The Caribbean region has a rich tradition of myths and legends that include La Llorona, El Hombre Caimán, La Ciguapa, the Vallenato Legend, La Madre Monte, El Simborcito, la Mojana Legend, El Lucio, etc. [1]


The most popular and known celebration in the Caribbean region is the Carnival of Barranquilla celebrated every year in February or March. The Miss Colombia Pageant i, Colombia|Cartagena]], the Vallenato Legend Festival in Valledupar, Feast of the Sea in Santa Marta and the Corralejas Festivities in Sincelejo.


The typical food of the Caribbean region varies according to the geographical location in the sabanas the typical meal is the sancocho made with rabo (cow's tail) and accompanied with coconut rice. In the coast, the typical meal is fish, sometimes fried or sometimes cooked in coconut milk. A popular soup is also prepared with the head of the tarpon, yuca, plantain, coconut milk, lime, and salt. The arepa is also a popular dish with numerous variations like arepa limpia (plain arepa), arepa e' queso (arepa with cheese) and arepa e'huevo (arepa with egg). Cazuela de mariscos, a seafood stew, is also a typical dish found in the region.[7]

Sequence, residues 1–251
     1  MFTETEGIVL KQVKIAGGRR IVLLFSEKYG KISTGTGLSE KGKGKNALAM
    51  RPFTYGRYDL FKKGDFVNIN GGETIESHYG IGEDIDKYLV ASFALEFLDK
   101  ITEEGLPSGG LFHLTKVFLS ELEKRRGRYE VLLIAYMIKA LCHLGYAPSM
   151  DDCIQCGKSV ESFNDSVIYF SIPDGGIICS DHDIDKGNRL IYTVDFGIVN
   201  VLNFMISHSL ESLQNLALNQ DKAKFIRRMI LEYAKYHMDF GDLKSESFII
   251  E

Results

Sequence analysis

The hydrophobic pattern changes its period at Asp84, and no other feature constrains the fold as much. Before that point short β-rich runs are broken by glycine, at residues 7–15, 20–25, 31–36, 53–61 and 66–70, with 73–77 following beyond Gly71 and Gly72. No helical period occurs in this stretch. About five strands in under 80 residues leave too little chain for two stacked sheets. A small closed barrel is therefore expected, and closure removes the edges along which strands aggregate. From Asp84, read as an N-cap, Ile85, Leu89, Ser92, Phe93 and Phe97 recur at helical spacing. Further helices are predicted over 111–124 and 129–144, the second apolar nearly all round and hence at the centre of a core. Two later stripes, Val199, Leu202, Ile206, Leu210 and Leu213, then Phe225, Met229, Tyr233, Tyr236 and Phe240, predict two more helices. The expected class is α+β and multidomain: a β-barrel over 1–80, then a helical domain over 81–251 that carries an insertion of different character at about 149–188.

See also


  1. ^ a b (in Spanish) MEMO: Natural Regions of Colombia Archived 2007-09-28 at the Wayback Machine Accessed 22 August 2007.
  2. ^ a b "Censo General 2018 - Proyecciones departamentales de población 2018-2050". Departamento Administrativo Nacional de Estadística. Archived from the original (XLSX) on 2021-03-04. Retrieved 2023-09-15.
  3. ^ "Ensayos sobre Economía Regional - Composición de la economía de la región Caribe de Colombia | Banco de la República". Retrieved 2023-11-25.
  4. ^ a b DANE (8 August 2019). "Censo Nacional de Población y Vivienda 2018 y desafíos socioeconómicos para la región Caribe" (PDF). DANE. Archived (PDF) from the original on 2019-11-15. Retrieved 11 July 2021.
  5. ^ "Atlas lingüístico y etnográfico de Colombia". Retrieved 2023-11-25.
  6. ^ "Turismo en el Departamento del ANTIOQUIA, Colombia". Retrieved 2023-11-25.
  7. ^ "Cazuela de mariscos". Periódico El Campesino – La voz del campo colombiano. 2017-07-27. Retrieved 2022-01-25.